Thailand’s economy grew at a slower rate of 1.5% year-on-year in the third quarter, marking the second consecutive quarter of economic slowdown. This figure was below the forecasted growth of 2.4% by economists and lower than the previous quarter’s 1.8% growth. Despite weak GDP data, public consumption, inventories, and exports of goods remained strong, while private consumption and tourism were also robust.
The new Prime Minister of Thailand, Sreta Tavisin, took office in September and faced challenges in leading the country to long-term economic recovery amid political turmoil. Although there was optimism about monetary policy tightening, weak third-quarter GDP data added to concerns about the country’s economic outlook. In response to this development, the Bank of Thailand raised its key interest rate for the eighth consecutive time in September and predicted that growth and inflationary pressures would pick up in the coming year.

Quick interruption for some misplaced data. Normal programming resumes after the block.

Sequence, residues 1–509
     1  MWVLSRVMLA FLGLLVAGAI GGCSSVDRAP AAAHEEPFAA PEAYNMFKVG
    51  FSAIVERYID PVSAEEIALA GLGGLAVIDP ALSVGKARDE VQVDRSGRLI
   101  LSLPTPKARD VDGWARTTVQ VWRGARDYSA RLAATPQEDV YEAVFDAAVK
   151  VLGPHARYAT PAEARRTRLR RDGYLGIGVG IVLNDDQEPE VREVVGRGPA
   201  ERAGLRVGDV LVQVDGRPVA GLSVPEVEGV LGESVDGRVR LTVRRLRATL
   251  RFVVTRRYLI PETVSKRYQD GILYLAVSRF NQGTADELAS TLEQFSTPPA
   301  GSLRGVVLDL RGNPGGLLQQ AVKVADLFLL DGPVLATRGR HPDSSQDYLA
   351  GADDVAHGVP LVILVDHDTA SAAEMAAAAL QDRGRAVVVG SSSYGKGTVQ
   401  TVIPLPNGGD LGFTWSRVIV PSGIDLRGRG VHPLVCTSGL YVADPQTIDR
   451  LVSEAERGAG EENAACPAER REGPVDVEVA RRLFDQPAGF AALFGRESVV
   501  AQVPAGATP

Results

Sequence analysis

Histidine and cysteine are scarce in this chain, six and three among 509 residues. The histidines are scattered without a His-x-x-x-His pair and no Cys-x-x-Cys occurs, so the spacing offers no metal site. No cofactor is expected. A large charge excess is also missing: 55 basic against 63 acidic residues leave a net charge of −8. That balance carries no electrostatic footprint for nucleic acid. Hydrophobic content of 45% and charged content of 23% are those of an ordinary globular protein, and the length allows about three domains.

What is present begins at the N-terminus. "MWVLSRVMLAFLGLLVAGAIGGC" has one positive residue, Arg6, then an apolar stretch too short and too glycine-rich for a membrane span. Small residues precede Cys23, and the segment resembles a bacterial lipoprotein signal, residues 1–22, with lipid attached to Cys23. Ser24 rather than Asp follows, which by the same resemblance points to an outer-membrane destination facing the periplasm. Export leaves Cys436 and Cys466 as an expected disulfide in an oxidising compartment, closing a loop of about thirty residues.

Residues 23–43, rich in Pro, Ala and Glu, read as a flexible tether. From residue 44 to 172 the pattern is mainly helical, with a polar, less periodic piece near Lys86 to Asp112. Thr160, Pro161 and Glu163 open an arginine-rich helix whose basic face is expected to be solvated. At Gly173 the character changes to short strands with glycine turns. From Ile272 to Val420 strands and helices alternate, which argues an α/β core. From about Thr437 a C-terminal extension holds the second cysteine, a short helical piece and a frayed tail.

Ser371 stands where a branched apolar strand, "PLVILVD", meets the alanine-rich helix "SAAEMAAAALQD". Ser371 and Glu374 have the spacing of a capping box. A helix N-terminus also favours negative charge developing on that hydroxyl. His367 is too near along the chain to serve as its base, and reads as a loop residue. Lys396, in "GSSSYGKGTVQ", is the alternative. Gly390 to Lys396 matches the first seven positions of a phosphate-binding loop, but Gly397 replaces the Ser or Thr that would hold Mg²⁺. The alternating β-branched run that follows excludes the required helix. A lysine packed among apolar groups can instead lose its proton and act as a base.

However, analysts at Nomura anticipate a pause in central bank policy in the near term, with interest rate cuts possible by the second quarter of 2024. Weak GDP figures could lead to government pressure on large volumes of digital wallets, which could negatively impact the Thai baht’s value against other currencies such as the dollar. The currency has already weakened against other currencies this year due to various factors including political instability and trade tensions with major trading partners such as China and India.
Despite these challenges, there are still opportunities for growth in Thailand’s economy if policymakers can successfully navigate through political uncertainties and implement effective policies that support sustainable economic development.